The last step is concerned with specifying the functional
and non-functional viewpoint requirements in an appropriate form. The notation used depends on the viewpoint, the
requirements and requirements source associated with the
viewpoint. Appropriate notations range from natural language (if the requirements source is concerned with nontechnical requirements), through equations (e.g. if the
requirements source is a physicist), to system models
expressed in formal or structured notations.
Viewpoints and their requirements are collected into a
central repository that serves as input to the requirements
analysis process. The objective of the analysis process is to
establish the correctness of the documentation and to
expose conflicting requirements across all viewpoints.

4.1 ATM example


We use the example of an automated teller machine
(ATM) to illustrate the VORD process model. The ATM
contains an embedded software system to drive the
machine hardware and to communicate with the banks
customer database. The system accepts customer
requests and produces cash, account information, provides for limited message passing and funds transfer. The
ATM is also required to make provisions for major classes
of customers, the home customer and foreign customer.
Home customers are defined as people with accounts in
any of the branches of the bank to which the ATM

requirements inforrnation space

Tcl = information
0
= process
Fig. 3 VORD process model

belongs. These customers receive all the services provided


by the ATM. Foreign customers are people with accounts
in other banks affiliated to the bank concerned. Apart from
providing services to its users, the ATM is also required to
update the customer account database each time there is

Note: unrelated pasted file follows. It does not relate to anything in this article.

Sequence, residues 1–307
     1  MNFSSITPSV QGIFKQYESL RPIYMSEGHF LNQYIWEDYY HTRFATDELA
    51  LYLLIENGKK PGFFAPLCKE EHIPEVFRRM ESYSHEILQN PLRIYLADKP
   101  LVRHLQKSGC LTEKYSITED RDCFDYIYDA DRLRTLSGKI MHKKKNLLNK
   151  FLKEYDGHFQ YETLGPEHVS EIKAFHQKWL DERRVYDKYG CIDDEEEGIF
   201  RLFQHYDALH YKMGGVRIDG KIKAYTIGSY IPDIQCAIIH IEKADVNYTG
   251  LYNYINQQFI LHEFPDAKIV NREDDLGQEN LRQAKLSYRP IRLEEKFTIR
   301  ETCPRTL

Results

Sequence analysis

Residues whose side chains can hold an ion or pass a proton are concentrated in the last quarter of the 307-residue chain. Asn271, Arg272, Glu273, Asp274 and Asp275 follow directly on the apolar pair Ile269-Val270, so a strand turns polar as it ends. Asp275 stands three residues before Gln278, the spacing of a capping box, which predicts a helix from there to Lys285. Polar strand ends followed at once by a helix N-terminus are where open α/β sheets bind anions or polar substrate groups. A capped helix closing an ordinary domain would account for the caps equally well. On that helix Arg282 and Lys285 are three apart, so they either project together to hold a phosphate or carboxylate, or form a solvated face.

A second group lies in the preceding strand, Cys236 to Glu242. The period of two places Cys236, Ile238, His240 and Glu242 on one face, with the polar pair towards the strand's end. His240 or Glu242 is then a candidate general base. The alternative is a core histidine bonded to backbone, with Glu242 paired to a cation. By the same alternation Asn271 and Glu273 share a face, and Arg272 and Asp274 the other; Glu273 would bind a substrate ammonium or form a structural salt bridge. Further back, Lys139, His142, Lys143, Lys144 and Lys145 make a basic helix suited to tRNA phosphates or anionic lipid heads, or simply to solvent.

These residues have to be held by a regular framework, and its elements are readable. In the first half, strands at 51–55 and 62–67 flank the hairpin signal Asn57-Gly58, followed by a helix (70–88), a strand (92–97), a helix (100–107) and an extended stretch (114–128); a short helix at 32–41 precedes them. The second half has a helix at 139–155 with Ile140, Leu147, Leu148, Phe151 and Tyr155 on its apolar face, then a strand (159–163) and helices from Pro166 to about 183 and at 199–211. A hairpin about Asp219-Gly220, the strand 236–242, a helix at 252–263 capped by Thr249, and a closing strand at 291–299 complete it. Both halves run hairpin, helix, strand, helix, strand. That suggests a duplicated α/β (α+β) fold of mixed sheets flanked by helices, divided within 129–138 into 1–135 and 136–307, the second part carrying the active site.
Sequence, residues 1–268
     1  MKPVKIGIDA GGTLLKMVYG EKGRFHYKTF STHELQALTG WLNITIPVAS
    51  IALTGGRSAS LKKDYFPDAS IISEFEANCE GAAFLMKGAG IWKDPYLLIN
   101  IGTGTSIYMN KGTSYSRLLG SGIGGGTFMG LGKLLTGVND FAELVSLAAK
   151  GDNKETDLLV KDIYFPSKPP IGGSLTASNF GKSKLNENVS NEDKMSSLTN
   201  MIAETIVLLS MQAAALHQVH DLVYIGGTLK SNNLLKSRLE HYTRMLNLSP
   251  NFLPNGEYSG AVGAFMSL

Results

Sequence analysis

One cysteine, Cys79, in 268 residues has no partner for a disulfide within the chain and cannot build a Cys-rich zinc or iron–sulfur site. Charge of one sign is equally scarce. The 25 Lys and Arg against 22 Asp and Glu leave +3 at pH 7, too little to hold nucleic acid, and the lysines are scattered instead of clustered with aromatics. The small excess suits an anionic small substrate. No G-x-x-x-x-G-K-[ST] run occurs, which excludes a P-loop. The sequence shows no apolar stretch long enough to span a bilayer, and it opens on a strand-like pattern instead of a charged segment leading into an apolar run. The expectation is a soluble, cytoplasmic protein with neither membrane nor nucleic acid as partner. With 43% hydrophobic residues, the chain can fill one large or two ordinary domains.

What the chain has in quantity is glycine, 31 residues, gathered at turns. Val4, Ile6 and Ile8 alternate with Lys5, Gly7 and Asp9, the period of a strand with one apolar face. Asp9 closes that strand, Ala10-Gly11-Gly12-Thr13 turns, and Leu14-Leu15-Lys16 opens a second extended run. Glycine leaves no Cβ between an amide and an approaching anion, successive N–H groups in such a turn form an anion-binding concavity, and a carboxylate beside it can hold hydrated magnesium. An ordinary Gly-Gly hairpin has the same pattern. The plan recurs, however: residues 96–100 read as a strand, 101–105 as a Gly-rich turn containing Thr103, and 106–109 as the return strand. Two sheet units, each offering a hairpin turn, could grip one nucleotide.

a cash withdrawal or funds transfer.
All the services provided by the ATM are subject to
certain conditions, which can be considered at different
levels. The top level sets out conditions necessary for
accessing the services. These include a valid ATM cashcard and correct personal identification number (PIN).The
level is concerned with service requests and is subject to
the availability of particular services. Beyond this level, all
services provided by the ATM are subject to specific conditions set out for their provision.

4.2 Viewpoint identification


All structured methods must address the basic difficulty of
identifying the relevisnt problem domain entities for the
system being specified or designed. The majority of
methods provide little or no active guidance for this, and
rely on the method users judgement and experience in
identifying these entities. We cannot claim that we have
solved the problem of identifymg relevant problem domain
entities. However, our method provides some help to the
analyst in the critical step of viewpoint identification.
The process of understanding the system under
analysis, its environiment, requirements and constraints
places a lot of reliance on the system authorities. These
are people or documents with an interest in or specialist
knowledge of the application domain. They include system

VIEWPOINT

direct
I

operator

Fig. 4 Abstract viewpoint classes

Software Eng i neeri ng Journal

January 1996

end-users, system procurers, system engineers and documentation of existing system(+


We have generalised these system authorities into a set
of viewpoint classes, which can be used as a starting point
for finding viewpoints specific to the problem domain. Fig.
4 shows part of the tree diagram of the abstract viewpoint
classes. Normally, the indirect viewpoints would be decomposed to greater depth than shown here. The organisation
viewpoint, for example, would have policy, customer and
training viewpoints as sub-classes, and the environment
viewpoint may have people and others systems in the
environment.
The root of the tree represents the generation notion of
a viewpoint. Information can be inherited by viewpoint subclasses, and so global requirements are represented in the
more abstract classes and inherited by sub-classes. In the
direct viewpoint class, the sub-system viewpoint represents
the abstract class of systems within an organisation that
may interact directly with the proposed system. These